Leave no man behind. You’ve heard it, I’ve heard, it’s in just about a every war movie of the 20th century. But what we’re talking about here is slightly different. In Intel, especially covert ops, sometimes someone does get left behind, it’s the very nature of the game, but what’s more important is that those who get left behind are not forgotten.
Vera Atkins (1908-2000), for lack of a better description, was a sort of Den Mother to the British Spy outfit known as the Special Operations Executive (and a precursor to MI6). But when the war ended and all of Europe was trying to make nice with each other by sweeping all that prior nastiness under the rug, it was Vera’s single-minded determination that led to the discovery of what had happened to the SOE agents who had disappeared into the wilds of Europe during WWII.
Vera was born to a Jewish family in Bucharest, Romania in 1908, but moved to England in 1933. She attended The Sorbonne in Paris where studied modern languages. Vera returned to England in 1944 where she joined the F-Section (‘F’ for France) of the SOE as an intelligence officer.
Vera briefed agents going into the field and debriefed them coming out. An agent’s return provided valuable information on the latest goings-on on the war front which greatly aided in briefing the agents heading into that zone. For example, this is the dame who would tell you not to order creme fraiche with your coffee in France because it hadn’t been available for over a year. Little details like that could preserve your cover and save your hide.
Actually, Vera was not above patting down agents to look for a stray piece of anything that might reveal their English identity. This bird, however, was a master of finessing an agent with enough items of French origin so as to further aid their mission: a Paris Metro tickets planted in a pocket, a stamped letter from “relatives” in the country, Vera knew to make sure that every detail was perfect prior to sending her agents out into the field.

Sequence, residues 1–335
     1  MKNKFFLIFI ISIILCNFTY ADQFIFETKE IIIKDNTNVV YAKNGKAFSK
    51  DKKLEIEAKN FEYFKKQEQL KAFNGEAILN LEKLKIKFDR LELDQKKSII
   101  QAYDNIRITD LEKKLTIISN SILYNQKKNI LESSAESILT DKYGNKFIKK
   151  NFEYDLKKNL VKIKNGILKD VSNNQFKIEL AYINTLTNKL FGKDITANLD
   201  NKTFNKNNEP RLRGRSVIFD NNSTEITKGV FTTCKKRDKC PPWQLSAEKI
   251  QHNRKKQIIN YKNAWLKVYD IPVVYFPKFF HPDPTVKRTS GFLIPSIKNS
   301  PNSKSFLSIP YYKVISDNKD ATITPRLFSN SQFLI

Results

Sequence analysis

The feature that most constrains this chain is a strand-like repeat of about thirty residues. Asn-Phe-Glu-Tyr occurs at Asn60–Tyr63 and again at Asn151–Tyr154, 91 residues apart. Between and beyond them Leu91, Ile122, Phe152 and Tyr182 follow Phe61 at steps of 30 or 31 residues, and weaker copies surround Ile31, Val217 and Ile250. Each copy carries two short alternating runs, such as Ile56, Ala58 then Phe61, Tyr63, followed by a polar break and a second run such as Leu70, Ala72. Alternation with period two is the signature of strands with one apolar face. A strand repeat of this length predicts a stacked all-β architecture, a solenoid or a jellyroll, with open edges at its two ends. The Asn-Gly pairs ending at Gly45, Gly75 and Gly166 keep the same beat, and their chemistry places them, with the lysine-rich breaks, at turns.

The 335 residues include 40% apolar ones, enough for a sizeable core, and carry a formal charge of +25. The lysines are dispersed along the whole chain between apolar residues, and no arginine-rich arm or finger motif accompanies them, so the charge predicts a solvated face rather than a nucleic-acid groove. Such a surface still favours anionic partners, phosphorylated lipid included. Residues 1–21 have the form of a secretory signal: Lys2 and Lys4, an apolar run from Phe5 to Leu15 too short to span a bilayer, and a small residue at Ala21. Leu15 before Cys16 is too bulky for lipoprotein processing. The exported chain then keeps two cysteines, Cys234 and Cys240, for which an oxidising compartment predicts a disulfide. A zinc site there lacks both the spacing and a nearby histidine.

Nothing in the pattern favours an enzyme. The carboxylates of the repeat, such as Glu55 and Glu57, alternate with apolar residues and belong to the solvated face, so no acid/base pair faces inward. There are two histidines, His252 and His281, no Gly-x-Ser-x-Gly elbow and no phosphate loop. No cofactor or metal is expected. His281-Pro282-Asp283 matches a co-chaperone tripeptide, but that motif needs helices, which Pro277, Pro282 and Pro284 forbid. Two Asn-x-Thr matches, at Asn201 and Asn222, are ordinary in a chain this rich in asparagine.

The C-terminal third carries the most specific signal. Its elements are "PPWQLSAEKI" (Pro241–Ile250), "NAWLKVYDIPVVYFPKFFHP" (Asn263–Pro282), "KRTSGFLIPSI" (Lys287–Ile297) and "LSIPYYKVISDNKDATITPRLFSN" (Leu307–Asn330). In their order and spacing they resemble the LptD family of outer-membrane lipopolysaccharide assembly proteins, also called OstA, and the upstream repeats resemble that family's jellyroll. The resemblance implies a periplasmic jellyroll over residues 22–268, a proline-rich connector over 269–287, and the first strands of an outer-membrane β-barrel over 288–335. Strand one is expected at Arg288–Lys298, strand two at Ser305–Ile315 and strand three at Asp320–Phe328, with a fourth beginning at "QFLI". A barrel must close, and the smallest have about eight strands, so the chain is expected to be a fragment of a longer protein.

And there really was no aspect of F-Section that Vera wasn’t involved in. She had a say in recruitment, training, and who went where. She saw agents off to the airfield where they would soon being parachuting into France. She also took care of their lives at home, contacting relatives, providing cover stories during an agent’s absence, even helping agents to draw up wills should they not return from their missions. Vera knew every agent going into the field, and they damn well knew her.
After the war’s end, 118 agents from the SOE still had not returned from the field. Since SOE basically ceased to exist after the war, Vera did not have official permission to track these agents down. And this is where things get interesting.
A very important, and often seldom accomplished, part of the intelligence cycle is feedback. In the case of a covert op, that feedback comes in the form of debriefing upon an agent’s return. When an agent does not return, if no one sees to it to discover that agent’s fate, then you really have no way of knowing/assessing what went wrong, what went right, and what possibly needs to change. Fluke things happen that derail an op, but if there was poor Intel going into the mission, you have no way of knowing unless you get the opportunity to ask.
And hey, there’s the human factor after all. Vera was the lifeline for 400 agents going out into the field. She had to know them better than some of their families. In the fog of war, it’s easy for people to disappear. Vera was determined to clear the air and find out what happened to those missing agents.
It was then that Vera joined the Women’s Auxilary Air Force (WAAF) and on a self-appointed mission, spent three months criss-crossing Europe tracking down the missing.
She returned having learned the whereabouts of 117.
Atkins continued working until she was demobilized in 1947 where she retired to the countryside. She died in 2000 at the age of 92.